If you think there are lots of benches in Windsor that have seen better days, you would be correct.
According to the City of Windsor's proposed budget, more than 75 per cent of the city's 1,500 municipally-owned benches need to be repaired. The budget document also says "a significant number of these benches are well beyond their useful lives".
Outlined in the budget is a plan to spend $645,000 from 2024 to 2033 to maintain the quality of benches in the city. For the first seven years, $50,000 will be spent, before $25,000 increases will be featured in 2031 and 2032, ending with a $120,000 investment in 2033.
James Chacko, the city's executive director of parks and facilities, said this allows for all the city's benches to continue to be refurbished.
A brand new wooden bench in Windsor. The city's proposed 2024 budget says $645,000 has been allocated to replace benches over the next 10 years. (Peter Duck/CBC)
"We expect that our benches have, approximately, a 15-year life," he said. "A bench is $500, so we're able to replace 100 benches per year, which then would allow that on every 15-year cycle, we're able to replace each one of those benches so that you continuously would have new benches."
Chacko said this annual replacement strategy means the city will never be "stuck with having to try to replace 1,500 benches all at once, or having a scenario occur where we have to remove a number of benches and then not be able to replace them."
He said that benches that are either damaged or deemed unsafe are dealt with by either being taken out of service or being temporarily repaired.
Chacko added there will always be some benches in the city that will show signs of wear-and-tear, which is the leading cause for a bench to be considered in a state of disrepair.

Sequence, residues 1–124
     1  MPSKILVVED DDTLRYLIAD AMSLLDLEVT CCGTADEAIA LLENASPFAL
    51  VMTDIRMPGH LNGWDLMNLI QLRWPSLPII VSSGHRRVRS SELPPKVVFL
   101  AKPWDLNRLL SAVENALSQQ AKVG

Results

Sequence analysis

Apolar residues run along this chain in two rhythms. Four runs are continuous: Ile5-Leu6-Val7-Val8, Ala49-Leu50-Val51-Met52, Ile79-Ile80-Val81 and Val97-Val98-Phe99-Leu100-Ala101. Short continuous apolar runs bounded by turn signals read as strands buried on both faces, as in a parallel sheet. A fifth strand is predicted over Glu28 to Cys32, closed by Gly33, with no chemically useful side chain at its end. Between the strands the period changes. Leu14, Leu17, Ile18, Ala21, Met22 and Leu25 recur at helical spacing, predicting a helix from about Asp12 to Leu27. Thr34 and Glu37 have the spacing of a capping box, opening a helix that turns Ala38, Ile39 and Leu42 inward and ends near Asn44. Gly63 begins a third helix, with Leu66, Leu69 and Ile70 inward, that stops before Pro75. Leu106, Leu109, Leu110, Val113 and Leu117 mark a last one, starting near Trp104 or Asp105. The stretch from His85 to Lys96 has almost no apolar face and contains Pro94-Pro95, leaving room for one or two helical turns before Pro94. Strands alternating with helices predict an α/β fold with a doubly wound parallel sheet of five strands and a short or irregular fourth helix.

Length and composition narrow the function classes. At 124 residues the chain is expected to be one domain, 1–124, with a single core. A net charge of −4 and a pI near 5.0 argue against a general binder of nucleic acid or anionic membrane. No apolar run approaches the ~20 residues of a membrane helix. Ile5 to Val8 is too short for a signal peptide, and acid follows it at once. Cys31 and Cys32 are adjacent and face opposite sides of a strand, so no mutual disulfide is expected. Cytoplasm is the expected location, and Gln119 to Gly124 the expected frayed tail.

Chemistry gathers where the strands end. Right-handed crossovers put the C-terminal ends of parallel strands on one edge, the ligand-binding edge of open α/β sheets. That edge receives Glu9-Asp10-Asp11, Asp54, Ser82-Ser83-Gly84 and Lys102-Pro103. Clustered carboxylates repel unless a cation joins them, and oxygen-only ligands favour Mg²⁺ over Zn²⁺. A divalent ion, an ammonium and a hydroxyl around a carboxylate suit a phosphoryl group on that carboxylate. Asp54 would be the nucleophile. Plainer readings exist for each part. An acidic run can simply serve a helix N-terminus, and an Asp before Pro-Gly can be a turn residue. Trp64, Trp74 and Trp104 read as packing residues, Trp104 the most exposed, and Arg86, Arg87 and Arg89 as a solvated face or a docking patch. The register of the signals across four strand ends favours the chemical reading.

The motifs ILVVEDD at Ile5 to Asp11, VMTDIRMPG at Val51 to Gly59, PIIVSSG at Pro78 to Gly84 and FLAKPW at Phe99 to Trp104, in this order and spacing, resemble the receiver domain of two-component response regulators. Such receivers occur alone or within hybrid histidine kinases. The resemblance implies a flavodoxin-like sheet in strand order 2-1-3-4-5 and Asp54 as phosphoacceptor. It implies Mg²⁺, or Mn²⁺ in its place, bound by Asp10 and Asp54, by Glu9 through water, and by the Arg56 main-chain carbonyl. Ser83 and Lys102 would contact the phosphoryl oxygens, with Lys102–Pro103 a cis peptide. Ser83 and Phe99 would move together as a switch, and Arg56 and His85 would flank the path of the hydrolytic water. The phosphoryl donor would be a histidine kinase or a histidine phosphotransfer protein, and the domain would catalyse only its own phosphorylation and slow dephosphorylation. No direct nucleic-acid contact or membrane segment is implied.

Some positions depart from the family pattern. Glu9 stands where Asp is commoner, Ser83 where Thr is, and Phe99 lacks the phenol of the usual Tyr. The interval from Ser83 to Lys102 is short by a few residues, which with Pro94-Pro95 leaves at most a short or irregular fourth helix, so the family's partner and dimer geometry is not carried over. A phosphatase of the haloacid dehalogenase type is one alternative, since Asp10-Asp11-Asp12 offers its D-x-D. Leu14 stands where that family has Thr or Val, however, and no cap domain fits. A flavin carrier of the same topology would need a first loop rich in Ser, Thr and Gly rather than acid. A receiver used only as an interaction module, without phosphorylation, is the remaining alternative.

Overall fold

A repaired bench in Windsor. The city's executive director of parks and facilities says there will always be benches that need some kind of repair. (Peter Duck/CBC)
He said the 75 per cent figure covers a range of states of disrepair.
"It's anywhere from needing some maintenance of a board to a comprehensive replacement of the entire bench," Chacko said.
Chacko said Windsor residents can report damaged benches to 311 so the city can come and fix the bench appropriately. He added that as part of the city's annual inspections of its parks, benches are a part of it.
Commemorative benches, which are benches that feature memorial messages in honour of loved ones, are also included in the city's bench-checking system, according to Chacko, as long as they were created before 2017. Any benches that were purchased from 2017 onwards will only be maintained by the city for the first 10 years of its life.
Not all residents think benches are a concern
Despite the city saying most benches have seen better days, some Windsor residents told CBC News they don't actively think about the state of the city's benches.
Even Ward 2 councillor Fabio Costante said he hasn't heard any complaints about benches.
"That doesn't mean that there may be some benches that may need repair," he said.